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Amongst the beagles and other varieties of street dogs roaming the humble pueblito known as Piedra Grande, roamed two Peace Corps volunteers named Danny and Josephine. Now these two volunteers found themselves in the mountains above Mexico City with a quest – a quest to create some of the best-recycled art crafts known on this side of the border. The motivation was simple and absolute, an eco-fair for about 70 children. Two weeks to prepare, and too many recycled crafts projects tantalizing their artistic energies led to quite the experience involving trash-picking, rancid milk, plastic dust in noses, and medical emergencies.

Now setbacks are inevitable in projects such as this, but they can’t always be anticipated.

Setback 1: The realization that papelerías are closed on Sundays. Significance of this discovery? Well, Danny and Josephine needed to buy art supplies from said papelerías before heading out from Querétaro to Piedra Grande that Monday morning. With a little huffing and puffing, the crisis was marginally averted. If you saw two gringos running at 8:00 in the morning, one falling a few steps behind the other (Josephine blames it on the altitude), then you saw Danny and Josephine running to buy paint, glue, construction paper, string, etc., before boarding a bus to Piedra Grande.  “Great,” they thought, “we’ve got all the materials, what can stop us now?”

Setback 2: Danny and Josephine decided to transform plastic bottles into jack-o-lanterns of all varieties in honor of the approaching and children-cherished, Halloween. In preparation for this feat, they collected bottles from a local school in Querétaro and hauled that “trash” bag to Piedra Grande, ready to turn the transparent bottles into pumpkins of vibrant orange opacity. And so, they began to paint. “Huh, how strange,” they thought, “the paint seems to be sliding right off the bottle.” Thus, they learned that they needed to sand 65 bottles before painting them – every nook, cranny, and crease needed a graze of the rough paper. That’s not time consuming at all, right? This is what led to plastic dust in noses.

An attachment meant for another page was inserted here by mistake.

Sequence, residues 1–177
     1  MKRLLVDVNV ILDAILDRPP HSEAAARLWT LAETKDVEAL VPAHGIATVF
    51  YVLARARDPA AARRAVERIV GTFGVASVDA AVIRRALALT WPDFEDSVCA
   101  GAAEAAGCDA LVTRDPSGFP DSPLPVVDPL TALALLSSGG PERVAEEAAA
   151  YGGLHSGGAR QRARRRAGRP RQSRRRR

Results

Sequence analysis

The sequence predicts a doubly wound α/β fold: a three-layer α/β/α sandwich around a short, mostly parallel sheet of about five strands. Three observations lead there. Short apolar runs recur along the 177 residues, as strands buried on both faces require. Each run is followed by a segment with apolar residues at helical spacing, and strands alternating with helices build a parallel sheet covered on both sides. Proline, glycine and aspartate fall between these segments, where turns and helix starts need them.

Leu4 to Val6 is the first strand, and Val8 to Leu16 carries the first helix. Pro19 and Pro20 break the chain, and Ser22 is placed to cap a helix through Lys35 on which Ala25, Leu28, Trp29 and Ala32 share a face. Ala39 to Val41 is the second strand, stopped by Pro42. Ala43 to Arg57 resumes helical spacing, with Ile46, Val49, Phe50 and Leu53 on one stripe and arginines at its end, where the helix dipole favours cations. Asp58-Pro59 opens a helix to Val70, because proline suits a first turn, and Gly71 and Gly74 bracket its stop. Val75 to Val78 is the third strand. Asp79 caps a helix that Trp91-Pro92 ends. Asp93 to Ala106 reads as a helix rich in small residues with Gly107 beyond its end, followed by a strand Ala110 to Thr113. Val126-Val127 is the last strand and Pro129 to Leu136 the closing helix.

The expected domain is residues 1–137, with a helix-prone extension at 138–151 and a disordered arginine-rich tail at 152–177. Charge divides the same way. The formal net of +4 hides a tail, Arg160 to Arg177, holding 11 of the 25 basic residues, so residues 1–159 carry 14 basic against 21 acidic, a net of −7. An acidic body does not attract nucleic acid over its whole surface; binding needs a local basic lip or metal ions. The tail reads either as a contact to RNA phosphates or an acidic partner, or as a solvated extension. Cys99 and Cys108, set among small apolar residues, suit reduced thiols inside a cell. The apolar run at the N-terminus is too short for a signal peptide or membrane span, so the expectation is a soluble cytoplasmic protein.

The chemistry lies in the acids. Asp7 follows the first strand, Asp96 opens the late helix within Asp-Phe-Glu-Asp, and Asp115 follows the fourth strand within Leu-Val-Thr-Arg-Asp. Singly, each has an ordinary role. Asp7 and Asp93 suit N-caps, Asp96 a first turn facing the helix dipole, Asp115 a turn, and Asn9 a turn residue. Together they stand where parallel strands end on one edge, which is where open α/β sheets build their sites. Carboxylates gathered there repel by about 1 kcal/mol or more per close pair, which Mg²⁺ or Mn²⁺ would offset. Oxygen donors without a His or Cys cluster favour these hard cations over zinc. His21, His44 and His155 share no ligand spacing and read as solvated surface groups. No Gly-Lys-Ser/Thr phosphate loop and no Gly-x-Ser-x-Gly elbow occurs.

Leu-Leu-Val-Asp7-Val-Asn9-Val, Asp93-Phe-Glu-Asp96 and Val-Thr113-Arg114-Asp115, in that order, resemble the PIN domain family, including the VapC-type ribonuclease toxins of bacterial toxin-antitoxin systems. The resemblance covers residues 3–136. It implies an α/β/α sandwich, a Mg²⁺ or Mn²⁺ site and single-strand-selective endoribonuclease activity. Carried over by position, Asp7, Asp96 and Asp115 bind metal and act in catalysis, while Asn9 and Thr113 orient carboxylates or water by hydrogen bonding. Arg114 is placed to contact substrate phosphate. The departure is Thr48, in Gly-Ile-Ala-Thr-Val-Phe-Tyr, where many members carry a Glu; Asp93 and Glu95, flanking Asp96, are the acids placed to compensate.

Setback 3: Turns out Josephine was freakishly allergic to something, something still unknown, and as a result turned into a Blotch Monster. Face swollen, lips white, Benadryl state of mind. It is said that at this moment she informed Danny that she was no longer sanding. No, no dust particles were touching her already fragile face. At which point, as you can imagine, Danny ended up with more plastic dust in his nose.

With the setbacks finally out of the way Team Reduce, Reuse, Recycle was ready to get down to business. Day after day, more oranges bottles lined the room, haunting PC volunteers and begging them for eyes, noses, mouths. But jack-o-lanters weren’t enough. Oh, no. Danny and Josephine decided to make other recycled crafts to give out during a raffle during the eco-fair. This team was getting ambitious it seemed. Like elves, they carried on, hoping their energy and efforts would help dispel the myth that trash is nothing more than trash. Miraculously, beer bottle caps transformed into tambourines, a soda bottle into a piggy bank, milk cartons into wallets, and jugs into Day of the Dead decorations.